BUFFALO, N.Y. — Three years before the right to vote was finally secured for women, a group of Buffalonians took their passion right to the president's front door.
Anthony Greco, Director of Exhibits & Interpretive Planning at the Buffalo History Museum said "prior to 1917, picketing in front of the White House was just not done."
The Buffalo Six, as they were called, was part of a much larger group of about 500, that decided to push the women's suffrage movement into high gear. They are also part of an exhibit at the museum called Emblem of Equality: Woman Suffrage in Western New York.
The Buffalo Six consisted of a home economics teacher named Margaret Fotheringham, a nurse named Hattie Kreugger, student Janet Fotheringham, Ada Kendall, a journalist with the Buffalo Express, Amy Jeungling, a teacher from Black Rock and Edith Ainge, a worker with the national women's party.
"So these women were very much standing up against the law, putting their lives on hold to stand up for this important movement." Greco said.
They marched on the White House, many times, knowing that their civil disobedience would likely land them behind bars.
"These were average women, nurses, teachers, who went down to Washington, despite knowing they could be arrested. And they were arrested, in some cases time and time again, to make a point to the entire country that the women's movement was that important."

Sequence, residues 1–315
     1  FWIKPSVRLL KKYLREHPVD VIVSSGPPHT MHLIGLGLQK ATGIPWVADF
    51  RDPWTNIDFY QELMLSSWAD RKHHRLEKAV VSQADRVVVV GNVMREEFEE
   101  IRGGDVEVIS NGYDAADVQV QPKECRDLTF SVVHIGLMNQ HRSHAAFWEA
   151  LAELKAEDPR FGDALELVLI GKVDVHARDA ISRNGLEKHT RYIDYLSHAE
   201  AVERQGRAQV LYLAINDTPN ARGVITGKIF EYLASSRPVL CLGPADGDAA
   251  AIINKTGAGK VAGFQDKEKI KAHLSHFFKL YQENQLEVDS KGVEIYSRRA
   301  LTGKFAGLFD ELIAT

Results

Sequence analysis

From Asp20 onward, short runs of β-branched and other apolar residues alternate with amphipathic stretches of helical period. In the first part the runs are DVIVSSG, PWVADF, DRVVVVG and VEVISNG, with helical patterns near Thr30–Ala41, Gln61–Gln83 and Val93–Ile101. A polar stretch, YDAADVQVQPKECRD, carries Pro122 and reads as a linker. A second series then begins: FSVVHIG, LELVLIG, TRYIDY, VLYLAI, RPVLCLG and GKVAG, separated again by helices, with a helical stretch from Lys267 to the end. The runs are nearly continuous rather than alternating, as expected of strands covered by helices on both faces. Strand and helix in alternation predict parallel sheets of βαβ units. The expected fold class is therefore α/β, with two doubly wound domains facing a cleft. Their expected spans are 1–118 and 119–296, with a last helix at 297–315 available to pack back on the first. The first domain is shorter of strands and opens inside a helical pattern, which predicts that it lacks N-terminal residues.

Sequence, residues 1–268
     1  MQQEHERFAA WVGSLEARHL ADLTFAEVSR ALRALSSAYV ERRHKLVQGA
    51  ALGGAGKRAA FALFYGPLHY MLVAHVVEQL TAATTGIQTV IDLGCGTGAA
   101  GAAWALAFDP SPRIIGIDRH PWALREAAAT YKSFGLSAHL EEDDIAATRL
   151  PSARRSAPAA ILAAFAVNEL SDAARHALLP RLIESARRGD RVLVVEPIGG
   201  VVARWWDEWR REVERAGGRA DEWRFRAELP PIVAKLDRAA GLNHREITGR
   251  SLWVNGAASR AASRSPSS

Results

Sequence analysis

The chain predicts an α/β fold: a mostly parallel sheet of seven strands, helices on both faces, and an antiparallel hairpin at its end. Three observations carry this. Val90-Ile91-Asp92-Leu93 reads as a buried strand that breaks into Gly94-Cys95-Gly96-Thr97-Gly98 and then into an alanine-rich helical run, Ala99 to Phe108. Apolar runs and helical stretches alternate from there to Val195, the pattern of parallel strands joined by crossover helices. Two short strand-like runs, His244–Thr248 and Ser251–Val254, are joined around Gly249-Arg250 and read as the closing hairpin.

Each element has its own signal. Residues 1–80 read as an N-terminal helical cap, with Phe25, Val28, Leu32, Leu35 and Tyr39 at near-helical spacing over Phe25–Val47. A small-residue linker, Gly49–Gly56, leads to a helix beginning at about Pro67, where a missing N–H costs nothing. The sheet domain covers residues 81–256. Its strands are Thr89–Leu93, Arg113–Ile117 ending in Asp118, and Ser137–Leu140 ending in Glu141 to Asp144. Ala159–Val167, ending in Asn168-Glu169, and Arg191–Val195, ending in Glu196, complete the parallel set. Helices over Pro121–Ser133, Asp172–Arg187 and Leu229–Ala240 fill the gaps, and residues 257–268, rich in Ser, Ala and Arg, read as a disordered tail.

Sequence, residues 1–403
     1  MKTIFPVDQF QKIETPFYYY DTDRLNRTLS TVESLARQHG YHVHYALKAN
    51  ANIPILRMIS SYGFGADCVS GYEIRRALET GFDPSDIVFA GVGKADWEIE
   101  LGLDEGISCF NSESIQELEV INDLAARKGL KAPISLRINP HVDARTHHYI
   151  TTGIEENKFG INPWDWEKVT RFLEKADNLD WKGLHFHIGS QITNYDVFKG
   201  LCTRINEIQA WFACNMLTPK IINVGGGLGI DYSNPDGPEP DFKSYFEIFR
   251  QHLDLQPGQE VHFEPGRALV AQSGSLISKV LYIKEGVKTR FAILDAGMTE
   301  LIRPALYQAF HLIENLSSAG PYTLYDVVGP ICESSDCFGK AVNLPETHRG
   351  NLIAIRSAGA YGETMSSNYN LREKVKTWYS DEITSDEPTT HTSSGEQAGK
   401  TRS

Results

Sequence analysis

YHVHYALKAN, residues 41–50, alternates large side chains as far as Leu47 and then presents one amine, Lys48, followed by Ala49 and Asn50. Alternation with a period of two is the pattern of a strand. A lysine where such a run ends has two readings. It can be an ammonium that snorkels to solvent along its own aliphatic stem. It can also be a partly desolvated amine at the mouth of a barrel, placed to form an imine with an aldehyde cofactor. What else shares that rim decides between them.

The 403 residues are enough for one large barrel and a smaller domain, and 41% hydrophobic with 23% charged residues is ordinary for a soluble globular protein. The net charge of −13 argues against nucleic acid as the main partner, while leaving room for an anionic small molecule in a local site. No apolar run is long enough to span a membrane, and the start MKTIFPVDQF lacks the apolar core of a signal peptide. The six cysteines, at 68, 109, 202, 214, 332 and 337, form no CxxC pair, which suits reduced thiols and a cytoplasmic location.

And the federal government punished them severely, hoping to use them as an example, and more importantly, a deterrent for others who might want to express themselves in the same way. The women were part of a months-long picketing efforts to protest President Woodrow Wilson's unwillingness to support women's suffrage. They were locked up in the Occoquan Workhouse where conditions were terrible. Rats and maggots ruled the cells, and even behind bars, the women continued to protest. They even went on hunger strikes, being force-fed by the guards. But rather than acting as a deterrent, Greco said, it had the opposite impact.
"Women's roles, because of these protests, because of WW I, it ended up changing the perception of women's importance in the electorate to the entire country, and importantly to Woodrow Wilson. "
President Wilson eventually changed his views on the suffrage movement and in August, 1920, the 19th Amendment was adopted giving women the right to vote. Greco said the history museum hopes this exhibit will continue to remind people of the sacrifice and suffering that went in to grant us the rights that many take for granted today.
"It's incredibly important to show how small acts can contribute to a much larger cause."